Thus, Bulgarians, like other Christians, were subjected to heavy taxes and a small portion of the Bulgarian populace experienced partial or complete Islamisation, It restored national consciousness and became a key factor in the liberation struggle, resulting in the 1876 April Uprising.
Up to 30,000 Bulgarians were killed as Ottoman authorities put down the rebellion.
After his death Byzantine domestic policies changed and a series of unsuccessful rebellions broke out, the largest being led by Peter Delyan.
In 1185 Asen dynasty nobles Ivan Asen I and Peter IV organised a major uprising which resulted in the re-establishment of the Bulgarian state.
Bulgaria is a unitary parliamentary republic with a high degree of political, administrative, and economic centralisation.
It is a member of the European Union, NATO, and the Council of Europe; a founding state of the Organization for Security and Co-operation in Europe (OSCE); and has taken a seat at the UN Security Council three times.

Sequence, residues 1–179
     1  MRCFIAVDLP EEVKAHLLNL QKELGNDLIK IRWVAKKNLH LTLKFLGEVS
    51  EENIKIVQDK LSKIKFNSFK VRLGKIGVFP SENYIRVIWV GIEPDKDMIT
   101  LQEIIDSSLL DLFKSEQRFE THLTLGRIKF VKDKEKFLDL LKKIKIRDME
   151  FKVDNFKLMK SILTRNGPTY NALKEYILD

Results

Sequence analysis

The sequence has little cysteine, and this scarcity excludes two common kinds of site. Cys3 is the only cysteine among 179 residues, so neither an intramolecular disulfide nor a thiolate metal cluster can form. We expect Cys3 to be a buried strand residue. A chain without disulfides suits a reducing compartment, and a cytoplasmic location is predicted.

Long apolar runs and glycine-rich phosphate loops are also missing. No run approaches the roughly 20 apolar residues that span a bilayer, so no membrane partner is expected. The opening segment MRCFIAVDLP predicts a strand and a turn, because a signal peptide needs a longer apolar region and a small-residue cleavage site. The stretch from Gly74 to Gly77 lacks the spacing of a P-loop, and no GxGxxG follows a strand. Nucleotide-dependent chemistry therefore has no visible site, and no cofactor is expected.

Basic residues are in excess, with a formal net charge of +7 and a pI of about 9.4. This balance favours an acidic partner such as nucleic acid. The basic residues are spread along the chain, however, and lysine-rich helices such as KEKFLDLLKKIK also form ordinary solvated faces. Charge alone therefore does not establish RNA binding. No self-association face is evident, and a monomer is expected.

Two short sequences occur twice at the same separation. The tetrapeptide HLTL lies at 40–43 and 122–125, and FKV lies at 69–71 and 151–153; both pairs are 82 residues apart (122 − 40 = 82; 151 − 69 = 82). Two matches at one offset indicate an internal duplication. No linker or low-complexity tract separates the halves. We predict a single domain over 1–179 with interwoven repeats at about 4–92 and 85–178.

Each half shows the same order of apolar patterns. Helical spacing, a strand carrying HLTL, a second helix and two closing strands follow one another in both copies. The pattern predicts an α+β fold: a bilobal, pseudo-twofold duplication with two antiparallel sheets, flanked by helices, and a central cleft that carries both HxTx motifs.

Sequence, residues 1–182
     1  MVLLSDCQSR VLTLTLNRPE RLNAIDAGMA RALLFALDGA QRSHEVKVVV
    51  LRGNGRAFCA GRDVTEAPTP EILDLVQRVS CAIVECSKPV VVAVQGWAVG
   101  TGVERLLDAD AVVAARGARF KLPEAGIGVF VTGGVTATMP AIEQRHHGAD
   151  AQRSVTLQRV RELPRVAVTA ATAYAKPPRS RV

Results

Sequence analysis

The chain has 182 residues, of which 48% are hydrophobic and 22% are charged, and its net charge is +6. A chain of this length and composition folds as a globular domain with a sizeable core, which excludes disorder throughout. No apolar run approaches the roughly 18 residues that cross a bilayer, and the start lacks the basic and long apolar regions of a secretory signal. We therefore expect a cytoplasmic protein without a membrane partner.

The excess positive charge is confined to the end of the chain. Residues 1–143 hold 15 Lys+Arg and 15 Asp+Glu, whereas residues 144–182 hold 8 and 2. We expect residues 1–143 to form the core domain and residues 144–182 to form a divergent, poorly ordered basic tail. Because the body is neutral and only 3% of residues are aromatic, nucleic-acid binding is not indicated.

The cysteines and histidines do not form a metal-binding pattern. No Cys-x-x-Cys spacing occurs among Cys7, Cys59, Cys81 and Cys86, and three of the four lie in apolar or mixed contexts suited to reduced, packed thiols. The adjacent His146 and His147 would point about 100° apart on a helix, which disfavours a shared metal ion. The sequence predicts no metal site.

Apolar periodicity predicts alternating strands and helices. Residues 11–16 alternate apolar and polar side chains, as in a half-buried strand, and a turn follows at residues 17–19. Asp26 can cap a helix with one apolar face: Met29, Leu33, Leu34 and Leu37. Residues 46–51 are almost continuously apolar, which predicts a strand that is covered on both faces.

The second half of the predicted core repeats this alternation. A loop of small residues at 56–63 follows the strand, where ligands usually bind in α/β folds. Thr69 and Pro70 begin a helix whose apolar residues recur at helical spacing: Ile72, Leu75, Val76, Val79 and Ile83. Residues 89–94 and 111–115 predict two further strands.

In 1946 it became a one-party socialist state as part of the Soviet-led Eastern Bloc.
Most commercial and cultural activities are centred on the capital and largest city, Sofia.
The Bulgars gradually mixed with the local population, adopting a common language on the basis of the local Slavic dialect. Paganism was abolished in favour of Eastern Orthodox Christianity under Boris I in 864.
This conversion was followed by a Byzantine recognition of the Bulgarian church After his conquest of Bulgaria, Basil II prevented revolts and discontent by retaining the rule of the local nobility and by relieving the newly conquered lands of the obligation to pay taxes in gold, allowing them to be paid in kind instead.
Organised prehistoric cultures began developing on current Bulgarian lands during the Neolithic period.
Its ancient history saw the presence of the Thracians, Greeks, Persians, Celts, Romans, Goths, Alans and Huns.